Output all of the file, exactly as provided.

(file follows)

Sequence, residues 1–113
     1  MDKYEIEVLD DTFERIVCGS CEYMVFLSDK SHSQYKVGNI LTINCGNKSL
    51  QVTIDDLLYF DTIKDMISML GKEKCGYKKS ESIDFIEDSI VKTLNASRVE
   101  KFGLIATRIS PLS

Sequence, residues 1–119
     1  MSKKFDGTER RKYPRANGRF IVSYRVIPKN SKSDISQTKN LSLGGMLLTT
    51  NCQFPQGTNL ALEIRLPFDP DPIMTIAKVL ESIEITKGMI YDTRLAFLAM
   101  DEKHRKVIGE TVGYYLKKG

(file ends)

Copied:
Sequence, residues 1–113
     1  MDKYEIEVLD DTFERIVCGS CEYMVFLSDK SHSQYKVGNI LTINCGNKSL
    51  QVTIDDLLYF DTIKDMISML GKEKCGYKKS ESIDFIEDSI VKTLNASRVE
   101  KFGLIATRIS PLS

Sequence, residues 1–119
     1  MSKKFDGTER RKYPRANGRF IVSYRVIPKN SKSDISQTKN LSLGGMLLTT
    51  NCQFPQGTNL ALEIRLPFDP DPIMTIAKVL ESIEITKGMI YDTRLAFLAM
   101  DEKHRKVIGE TVGYYLKKG